Andrew Harrop accuses policymakers of “planning for stagnation”, and in a collection of essays seeks to “take on the sense of fatalism that has overtaken Britain’s economic debate”. My contribution sets out the case for ending austerity and raising public spending for the sake of growth, and I am pleased to be among several arguing “that a less flexible labour market is a strategy for income growth” .
I do so through emphasising the role of demand, as not only critical to understanding what is going on, but also because it opens policy options on a wide and bold front. This blog gives you a short introduction to the argument – hopefully as a taster for reading the whole chapter.
I start with setting out how a Victorian morality of ‘living within your means’ has imbued government thinking, but makes for very bad economics.
Macroeconomics tells us that, unlike an individual, the government’s actions affect the economy as a whole. It tells us what Henry Ford know all along, that his best prospects for sales came from paying his workers enough to buy cars. These processes play out through aggregate demand, the central insight of the macroeconomic approach (and the mechanism through which Keynes’s policies operated).
Cutting government spending and attacking workers’ power amounts to reducing the overall level of demand in the economy. This is a very dangerous thing to do when the economy is too weak – and is the fundamental cause of the “truly terrible” real incomes. I show how government spending cuts damaged economic growth by far more than expected, not only in the UK but in all 32 advanced countries following a similar approach.
The weak growth is the cause of the pay and incomes crises.
But the weak growth also meant greatly lower government receipts, so that fiscal policy targets have repeatedly been missed – no matter what the government may say about ‘balancing the books’. Public sector debt was expected to peak at 70 per cent of GDP in 2013–14; the peak is now expected in the 2017–18 financial year at 86.5 per cent of GDP.
Over the coming years, the government continues to ignore the lessons of the past eight years. Austerity continues, and debt is barely further reduced, even on an OBR forecast that remains optimistic (on productivity and wages).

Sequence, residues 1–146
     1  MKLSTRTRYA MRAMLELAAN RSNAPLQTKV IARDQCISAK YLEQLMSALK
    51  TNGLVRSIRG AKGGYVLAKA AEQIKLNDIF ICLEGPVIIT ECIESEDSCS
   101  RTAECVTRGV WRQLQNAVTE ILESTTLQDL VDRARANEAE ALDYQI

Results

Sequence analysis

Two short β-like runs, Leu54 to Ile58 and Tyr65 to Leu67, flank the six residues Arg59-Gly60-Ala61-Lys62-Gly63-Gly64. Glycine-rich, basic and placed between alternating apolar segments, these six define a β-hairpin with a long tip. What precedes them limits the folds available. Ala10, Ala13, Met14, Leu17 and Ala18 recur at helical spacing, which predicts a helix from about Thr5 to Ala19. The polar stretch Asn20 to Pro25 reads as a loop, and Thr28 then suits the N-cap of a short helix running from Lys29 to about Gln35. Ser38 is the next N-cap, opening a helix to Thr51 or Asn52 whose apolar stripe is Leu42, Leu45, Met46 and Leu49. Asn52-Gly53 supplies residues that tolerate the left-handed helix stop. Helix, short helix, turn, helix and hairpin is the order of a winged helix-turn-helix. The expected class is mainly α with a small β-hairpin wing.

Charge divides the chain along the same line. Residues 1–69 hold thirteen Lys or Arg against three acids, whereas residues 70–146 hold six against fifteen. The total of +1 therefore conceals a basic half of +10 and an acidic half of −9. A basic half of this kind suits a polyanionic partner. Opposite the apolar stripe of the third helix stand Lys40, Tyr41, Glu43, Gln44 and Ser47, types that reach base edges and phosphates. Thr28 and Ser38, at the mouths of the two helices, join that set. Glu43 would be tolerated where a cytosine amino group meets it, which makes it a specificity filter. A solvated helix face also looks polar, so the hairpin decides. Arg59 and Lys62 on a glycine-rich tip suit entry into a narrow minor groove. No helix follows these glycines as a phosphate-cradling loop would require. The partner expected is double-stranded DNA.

I also debunk the widespread suggestion that the cause of the pay crisis is not primarily austerity (i.e. demand) but weak productivity (i.e. supply).
There is a well-established relationship between productivity and pay growth, yet the causality is not clear cut. Eight years of work has failed to uncover any compelling supply-side explanation for the exceptional weakness of productivity since the global financial crisis in the UK and many other countries. Policymakers ignore the possibility that causality is currently running in the opposite direction, with low productivity the result of low wages. On the demand view, bad UK productivity outcomes are the result of the labour market adjusting to (demand driven) weak growth through price – i.e. cuts in wages and the quality of work – rather than cuts in quantity – i.e. jobs.
International figures show the adjustment in other countries has also been skewed to wages, but not as heavily as in the UK.
So the UK has done better than many other countries on jobs, but worse on wages and productivity. This is an awkward contradiction those who think that the answer to our productivity problems lies in further labour market flexibility.
While this self-defeating approach is common to most countries, I show some have stood apart. In Germany, Israel and Japan, government spending was increased rather than cut and they were rewarded with stronger GDP growth, stronger jobs growth, stronger wages growth and stronger productivity growth (see chart above).
The bottom line is that (when the economy is weak) increased government spending boosts demand, strengthens the economy (including the private sector), and is the best way decisively to improve the public sector finances. The demand approach also suggests that both current spending (on public sector wages and services) and capital spending (on infrastructure) are viable and affordable; it also shows why interest rates rises are currently inappropriate.
Andrew Harrop’s call to “end austerity” is welcome and essential.
On the specific issues discussed above there is a great deal of common ground across all authors, with some helpful additional detail
Several authors discuss the importance of industrial strategies – not least to address industrial and regional imbalances –and the associated investment implications. Emphasis on the ‘foundational’ or ‘everyday’ economy (where the basic needs of society are met – e.g. providing care, producing food, maintaining the environment etc) resonates with demand initiatives. And likewise Dustin Benton’s opportunities from Green initiatives. Onaren and Gushanski from the University of Greenwich offer a full and complementary perspective on demand, leading above all to higher wages. Following from this, virtually all support strengthening unions and voice at work.
But the contributions go far wider than the discussion here, including e.g. financialisation, exchange rate policies and re-distributional initiatives, together amounting to a decisive challenge to ‘fatalism’. It is apt to end with Craig Berry’s call for a ‘grounded capitalism’:
Capitalism ran aground in 2008, nowhere more so than in Britain. Too much of what has passed for radical reform since the crisis has been characterised by pre-crisis intellectual paradigms. To close the regional gap in family incomes, we need to embrace a more grounded capitalism. This means, at a basic level, the recognition that capitalism needs to be managed strategically if it is to develop sustainably – this is the quintessential tenet of industrial strategy, to which the British state remains resistant.